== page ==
Basic Egg Bread

Basic Egg Bread

by Tony van Roon

This bread makes delicious breakfast toast. For a refreshing hint of citrus, add 1 tablespoon of finely shredded lemon or orange peel with the flour. For best results, use the California type oranges, they are natural orange and don't contain dye (Californian Salustiana variety is perfect).
1 pound loaf              Ingredients                  1 1/2 pound loaf
1 to 1-1/4 cup            milk (very warm)             1-1/4 to 1-1/2 cups
1 Tablespoon              butter or margarine          2 Tablespoons
3/4 teaspoon              salt                         1 teaspoon
1                         large egg(s)                 1
2-3/4 cups                All Purpose flour            3-1/2 cups
2 Tablespoon              sugar                        2 Tablespoons
1/2 Tablespoon            Honey                        1 Tablespoon
1-1/2 teaspoons           bread machine yeast          1-1/4 to 2 teaspoons
2 teaspoons               grated orange rind           1 Tablespoon

Use the 1-pound recipe if your bread-machine pan holds 10 cups or less of water. Add ingredients to the bread machine pan in the order suggested by the manufacturer.

Recommended cycle: Basic/white bread cycle; medium/normal crust color setting. Remove bread from pan, cool on wire-rack.

Egg BreadThis recipe was overhauled and revamped on 9-20-2003.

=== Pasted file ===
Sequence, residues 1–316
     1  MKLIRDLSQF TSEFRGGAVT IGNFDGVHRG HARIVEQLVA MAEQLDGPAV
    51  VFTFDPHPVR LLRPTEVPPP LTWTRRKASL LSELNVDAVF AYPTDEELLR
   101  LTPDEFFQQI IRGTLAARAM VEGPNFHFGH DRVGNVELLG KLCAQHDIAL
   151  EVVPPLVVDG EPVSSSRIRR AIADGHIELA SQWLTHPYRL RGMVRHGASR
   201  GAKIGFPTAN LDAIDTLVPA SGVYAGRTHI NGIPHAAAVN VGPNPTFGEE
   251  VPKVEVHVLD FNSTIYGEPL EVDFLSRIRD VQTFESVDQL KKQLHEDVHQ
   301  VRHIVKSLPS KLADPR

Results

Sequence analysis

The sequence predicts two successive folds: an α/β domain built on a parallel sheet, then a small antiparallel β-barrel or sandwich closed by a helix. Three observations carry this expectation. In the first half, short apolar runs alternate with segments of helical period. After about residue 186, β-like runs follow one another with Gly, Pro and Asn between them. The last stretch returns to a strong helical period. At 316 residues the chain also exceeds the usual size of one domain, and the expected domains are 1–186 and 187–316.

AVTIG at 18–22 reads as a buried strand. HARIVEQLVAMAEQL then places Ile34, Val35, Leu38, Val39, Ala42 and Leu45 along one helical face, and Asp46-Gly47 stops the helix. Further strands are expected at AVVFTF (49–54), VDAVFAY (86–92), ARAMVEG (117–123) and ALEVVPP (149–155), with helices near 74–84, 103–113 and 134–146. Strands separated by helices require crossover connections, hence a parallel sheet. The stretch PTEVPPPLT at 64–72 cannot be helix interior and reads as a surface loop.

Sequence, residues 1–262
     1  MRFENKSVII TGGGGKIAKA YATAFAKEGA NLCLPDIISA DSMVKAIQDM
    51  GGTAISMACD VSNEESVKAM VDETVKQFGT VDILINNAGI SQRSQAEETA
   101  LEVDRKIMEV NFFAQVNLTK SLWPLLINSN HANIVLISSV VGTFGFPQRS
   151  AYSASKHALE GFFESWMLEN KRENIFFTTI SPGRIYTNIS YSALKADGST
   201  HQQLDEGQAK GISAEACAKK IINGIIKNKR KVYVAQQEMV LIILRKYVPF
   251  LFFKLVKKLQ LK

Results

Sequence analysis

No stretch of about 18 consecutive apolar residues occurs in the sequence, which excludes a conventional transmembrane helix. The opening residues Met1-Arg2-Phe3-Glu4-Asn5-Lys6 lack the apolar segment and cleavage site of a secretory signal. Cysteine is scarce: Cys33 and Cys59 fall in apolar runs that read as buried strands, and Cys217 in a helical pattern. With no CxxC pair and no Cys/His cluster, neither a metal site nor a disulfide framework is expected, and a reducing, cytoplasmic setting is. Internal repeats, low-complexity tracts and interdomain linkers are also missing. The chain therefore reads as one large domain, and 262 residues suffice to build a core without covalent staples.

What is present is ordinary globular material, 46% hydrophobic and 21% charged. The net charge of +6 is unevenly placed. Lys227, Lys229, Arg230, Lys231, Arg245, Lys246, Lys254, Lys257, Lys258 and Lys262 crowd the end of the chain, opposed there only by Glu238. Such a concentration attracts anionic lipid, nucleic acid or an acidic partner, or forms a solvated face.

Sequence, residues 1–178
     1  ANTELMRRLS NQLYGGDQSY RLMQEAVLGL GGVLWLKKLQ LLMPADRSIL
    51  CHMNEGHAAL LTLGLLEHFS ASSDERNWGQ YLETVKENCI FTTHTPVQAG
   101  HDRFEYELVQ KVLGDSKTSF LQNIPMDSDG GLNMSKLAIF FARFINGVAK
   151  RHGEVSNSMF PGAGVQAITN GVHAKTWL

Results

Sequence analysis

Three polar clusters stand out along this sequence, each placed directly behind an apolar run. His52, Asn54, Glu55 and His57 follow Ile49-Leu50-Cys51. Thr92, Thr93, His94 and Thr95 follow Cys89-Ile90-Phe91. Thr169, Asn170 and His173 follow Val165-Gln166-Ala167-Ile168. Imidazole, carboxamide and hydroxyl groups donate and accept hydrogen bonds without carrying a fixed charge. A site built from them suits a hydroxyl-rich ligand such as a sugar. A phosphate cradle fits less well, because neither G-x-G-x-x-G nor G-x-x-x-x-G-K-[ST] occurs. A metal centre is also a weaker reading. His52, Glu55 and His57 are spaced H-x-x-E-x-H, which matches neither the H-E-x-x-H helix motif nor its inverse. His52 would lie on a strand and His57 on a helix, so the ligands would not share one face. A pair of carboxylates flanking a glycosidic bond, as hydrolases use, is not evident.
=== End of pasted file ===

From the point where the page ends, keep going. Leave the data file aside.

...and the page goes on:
The honey was added and sugar increased a bit because the bread was missing 'sweetness'. The milk was preheated a bit to make the dough rise better and bigger. Flour was increase to 2-2/3 cup in the 1 pound loaf recipe because the dough was to thin. The recipe for the 1-1/2 pound loaf had even more problems and I'm not going into details but everything got modified. What the heck was I thinking???? The grated orange rind was added to give the bread a punch with a faint taste of orange. In regards to the orange, I use ONLY the undyed California (Salustiana) oranges! As you can see on the picture at the left, the 1-1/2 pound version turned out quite well. Same for the 1 pound variety although I don't have a picture.

All in all a lot of work to re-figure out this recipe. I owe it all to my sister-in-law, Bing van Kampen. Thanks Bing for all your work!

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Modidified on September 20, 2003